[0009] In accordance with another embodiment, a method for communications controller operation is provided. The method includes receiving interferer information from a communications device served by the communications controller, computing an avoidance pattern for a subset of resources reserved for use by at least one cell edge communications device, and reporting the avoidance pattern to neighboring communications controllers. The at least one cell edge communications device operates in a periphery of a coverage area of the communications controller. The method also includes from each neighboring communications controller, receiving a neighboring avoidance pattern for a neighboring subset of resources reserved for use by cell edge communications devices of the neighboring communications controller. The method further includes scheduling the at least one cell edge communications device based on the avoidance pattern, scheduling at least one cell center communications device based on the received neighboring avoidance patterns, and transmitting to scheduled communications devices over their respective scheduled resources. The at least one cell center communications device operates in close proximity to the communications controller relative to the at least one cell edge communications device.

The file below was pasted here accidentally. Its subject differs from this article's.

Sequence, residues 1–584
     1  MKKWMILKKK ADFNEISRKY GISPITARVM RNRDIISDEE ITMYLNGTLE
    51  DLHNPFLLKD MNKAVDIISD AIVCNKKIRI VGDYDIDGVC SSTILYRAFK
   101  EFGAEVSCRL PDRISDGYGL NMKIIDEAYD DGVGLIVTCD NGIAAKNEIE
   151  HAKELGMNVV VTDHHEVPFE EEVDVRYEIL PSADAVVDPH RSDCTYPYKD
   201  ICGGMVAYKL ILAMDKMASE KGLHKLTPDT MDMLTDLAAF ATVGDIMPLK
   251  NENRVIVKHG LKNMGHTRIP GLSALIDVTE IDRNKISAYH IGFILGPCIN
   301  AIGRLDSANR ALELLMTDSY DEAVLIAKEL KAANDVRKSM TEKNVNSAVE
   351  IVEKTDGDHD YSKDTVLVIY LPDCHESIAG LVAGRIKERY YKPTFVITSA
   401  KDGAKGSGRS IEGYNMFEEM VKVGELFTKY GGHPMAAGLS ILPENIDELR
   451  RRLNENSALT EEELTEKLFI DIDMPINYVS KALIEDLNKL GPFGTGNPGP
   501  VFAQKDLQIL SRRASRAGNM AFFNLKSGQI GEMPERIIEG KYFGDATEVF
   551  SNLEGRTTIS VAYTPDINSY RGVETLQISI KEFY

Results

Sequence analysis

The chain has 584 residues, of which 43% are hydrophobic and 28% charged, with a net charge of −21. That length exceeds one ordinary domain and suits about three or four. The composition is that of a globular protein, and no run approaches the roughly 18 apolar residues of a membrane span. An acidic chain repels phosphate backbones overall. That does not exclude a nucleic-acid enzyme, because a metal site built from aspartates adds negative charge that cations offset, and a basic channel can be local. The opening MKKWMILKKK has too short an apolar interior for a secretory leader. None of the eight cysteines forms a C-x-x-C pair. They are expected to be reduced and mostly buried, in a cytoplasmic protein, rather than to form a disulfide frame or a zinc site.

[0010] In accordance with another embodiment, a communications controller is provided. The communications controller includes a scheduler, a beamforming unit coupled to the scheduler, a single user unit coupled to the scheduler and to the beamforming unit, and a multi-user unit coupled to the scheduler and to the beamforming unit. The scheduler selects at least one communications device for transmission in a transmission opportunity. The at least one communications device is selected based on available network resources and interference information provided by communications devices served by the communications controller. The beamforming unit maps information for the at least one communications device onto a beamforming vector for transmission, the single user unit provides single user beamforming vectors to the beamforming unit, and the multi-user unit provides multi-user beamforming vectors to the beamforming unit. The single user beamforming vectors are generated by the single user unit based on the at least one communications device and the channel estimate, and the multi-user beamforming vectors are generated by the multi-user unit based on the at least one communications device and the channel estimate.